THE Zimbabwe Institute of Foundries (ZIF) has approached the Minerals Marketing Corporation of Zimbabwe (MMCZ) in a bid to block illegal exports of scrap metal, a major impediment choking the sector’s growth.
The ZIF — a lobby group representing the interests of metal casting providers and steel smelters in the country — estimates that the country could save around US$10 million a month in scrap metals export cutbacks and save thousands of local jobs.
Foundry involves the conversion of scrap metal into viable engineering products for national development.
Currently, the sector says industry requires at least 27 000 tonnes of scrap metal per month in order to fulfill their commitments and to operate at around 80% capacity, but is only getting between 10 000 tonnes and 13 000 tonnes per month, thus enabling around 40% capacity utilisation.
Speaking to The NewsHawks this week, ZIF executive secretary Reason Purazeni said several efforts in the past to engage the Industry and Mines ministries over the matter have been in vain, leaving the sector with no option but to engage the MMCZ.
“We are now in the process of engaging MMCZ with our issue as we have come to understand that they are the licensing authority. It is our hope they will assist by not issuing export permits for scrap metal.
“We have not officially sat a meeting with them but informal communication between MMCZ and our chief operations officer has shown they are more than ready to help on the issue and even go a step further as the foundry operation will enhance the beneficiation of minerals,” he said.
Purazeni said given that over 3 000 families are already being supported under these tight economic conditions by local foundries who are trying their best in the circumstances, there is urgent need to ban exports and save the sector.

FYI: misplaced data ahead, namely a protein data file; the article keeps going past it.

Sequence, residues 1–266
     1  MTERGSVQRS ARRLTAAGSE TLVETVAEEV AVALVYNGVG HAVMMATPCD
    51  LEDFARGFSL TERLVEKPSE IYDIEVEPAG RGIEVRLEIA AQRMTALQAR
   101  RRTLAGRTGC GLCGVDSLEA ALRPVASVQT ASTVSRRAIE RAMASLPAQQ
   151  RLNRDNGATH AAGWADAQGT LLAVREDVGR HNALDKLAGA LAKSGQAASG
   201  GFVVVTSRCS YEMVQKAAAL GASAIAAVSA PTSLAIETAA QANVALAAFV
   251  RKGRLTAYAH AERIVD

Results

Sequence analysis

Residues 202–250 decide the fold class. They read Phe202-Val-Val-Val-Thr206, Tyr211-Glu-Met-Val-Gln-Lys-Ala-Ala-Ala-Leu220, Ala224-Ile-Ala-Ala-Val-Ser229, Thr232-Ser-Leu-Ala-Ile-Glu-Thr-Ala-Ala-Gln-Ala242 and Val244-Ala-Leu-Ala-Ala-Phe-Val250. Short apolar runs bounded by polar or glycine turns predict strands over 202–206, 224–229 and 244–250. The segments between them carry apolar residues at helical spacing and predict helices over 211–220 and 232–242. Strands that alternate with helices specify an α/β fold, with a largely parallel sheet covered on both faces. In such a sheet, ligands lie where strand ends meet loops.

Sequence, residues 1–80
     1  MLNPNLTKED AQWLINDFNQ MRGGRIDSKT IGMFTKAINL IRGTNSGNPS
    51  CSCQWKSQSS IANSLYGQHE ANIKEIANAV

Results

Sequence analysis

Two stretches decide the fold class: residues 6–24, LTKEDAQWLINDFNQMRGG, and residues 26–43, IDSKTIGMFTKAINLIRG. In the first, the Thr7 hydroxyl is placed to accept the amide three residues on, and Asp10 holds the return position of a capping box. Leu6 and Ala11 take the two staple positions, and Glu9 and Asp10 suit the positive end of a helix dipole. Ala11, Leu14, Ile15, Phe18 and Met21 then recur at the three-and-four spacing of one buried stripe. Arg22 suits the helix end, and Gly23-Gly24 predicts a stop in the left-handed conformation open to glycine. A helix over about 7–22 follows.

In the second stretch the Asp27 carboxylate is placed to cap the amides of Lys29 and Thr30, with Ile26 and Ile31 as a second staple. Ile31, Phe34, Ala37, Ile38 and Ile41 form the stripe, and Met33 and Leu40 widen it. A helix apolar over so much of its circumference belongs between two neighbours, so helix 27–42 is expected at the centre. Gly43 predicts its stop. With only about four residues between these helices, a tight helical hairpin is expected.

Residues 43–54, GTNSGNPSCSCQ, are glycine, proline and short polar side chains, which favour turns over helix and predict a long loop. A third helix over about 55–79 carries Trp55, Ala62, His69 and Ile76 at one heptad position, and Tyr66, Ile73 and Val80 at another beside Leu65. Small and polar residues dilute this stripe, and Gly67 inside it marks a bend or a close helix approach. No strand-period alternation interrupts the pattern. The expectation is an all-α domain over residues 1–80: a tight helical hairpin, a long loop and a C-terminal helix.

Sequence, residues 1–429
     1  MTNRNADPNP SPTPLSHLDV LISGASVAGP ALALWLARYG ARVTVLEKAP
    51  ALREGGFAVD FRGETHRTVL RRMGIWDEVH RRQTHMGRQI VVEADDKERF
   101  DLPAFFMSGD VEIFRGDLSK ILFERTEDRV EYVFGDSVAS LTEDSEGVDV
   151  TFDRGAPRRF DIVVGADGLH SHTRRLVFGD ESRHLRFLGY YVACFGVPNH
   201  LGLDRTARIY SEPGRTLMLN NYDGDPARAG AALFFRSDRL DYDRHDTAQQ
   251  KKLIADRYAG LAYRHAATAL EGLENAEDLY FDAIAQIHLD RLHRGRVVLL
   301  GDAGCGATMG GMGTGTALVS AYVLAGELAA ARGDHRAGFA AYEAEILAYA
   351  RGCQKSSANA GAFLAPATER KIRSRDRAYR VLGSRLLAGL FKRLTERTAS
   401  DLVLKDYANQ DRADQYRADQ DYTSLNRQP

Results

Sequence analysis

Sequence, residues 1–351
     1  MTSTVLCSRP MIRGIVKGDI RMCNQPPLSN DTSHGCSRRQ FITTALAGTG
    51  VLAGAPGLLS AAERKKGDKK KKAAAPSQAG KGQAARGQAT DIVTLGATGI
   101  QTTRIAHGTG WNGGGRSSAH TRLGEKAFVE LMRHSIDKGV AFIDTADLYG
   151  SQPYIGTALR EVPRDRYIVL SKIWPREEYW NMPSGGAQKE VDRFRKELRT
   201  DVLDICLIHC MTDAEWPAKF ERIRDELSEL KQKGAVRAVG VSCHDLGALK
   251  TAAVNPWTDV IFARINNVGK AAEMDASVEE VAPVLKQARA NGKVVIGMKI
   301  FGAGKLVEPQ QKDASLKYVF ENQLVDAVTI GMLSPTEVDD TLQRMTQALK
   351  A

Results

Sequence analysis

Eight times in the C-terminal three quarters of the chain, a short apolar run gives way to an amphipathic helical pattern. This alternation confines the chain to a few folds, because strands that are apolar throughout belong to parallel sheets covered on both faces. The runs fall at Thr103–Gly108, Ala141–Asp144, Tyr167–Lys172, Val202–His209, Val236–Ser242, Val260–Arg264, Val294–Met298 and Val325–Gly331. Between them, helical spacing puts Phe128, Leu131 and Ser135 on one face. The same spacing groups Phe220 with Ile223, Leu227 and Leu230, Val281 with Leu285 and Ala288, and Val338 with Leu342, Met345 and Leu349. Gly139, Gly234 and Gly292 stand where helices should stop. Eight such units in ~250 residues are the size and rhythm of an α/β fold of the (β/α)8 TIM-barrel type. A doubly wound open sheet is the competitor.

“There seems to be room for enabling some entities to access export permits for the scrap metal either on the pretext that the commodity has no local takers or is in excess, yet in actual fact local foundries will not be aware of the existence of such scrap despite that we are hungrily hunting for it.
“We therefore ask for a total ban on scrap metal exports as is the case with all our regional neighbours. Currently, Zimbabwe is the only country in the region exporting scrap metal,” Purazeni said.
The ZIF top official said iron and steel scrap in South Africa fetches an average US$167 per tonne delivered while transport to South Africa is about US$3 000 per 30 tonne, translating to about US$100 per tonne.
This, he said, effectively means that the net revenue to any exporter of scrap metal, before discounting for labour and other costs, is about US$67 per tonne.
In comparison, the average price of scrap metal in Zimbabwe is US$140 per tonne collected and the price matches the South African price, after factoring in parallel market losses, making the Zimbabwean price much higher than the South African price.
Purazeni added, “What boggles the mind is that the domestic foundry industry is able to add value on the scrap up to six times on the lowest scale, for the domestic market, while other ZIF members add value up to 28 times for the export market. The range of beneficiation ratios of 6 to 28 avail much more foreign currency.” — Staff Writer.
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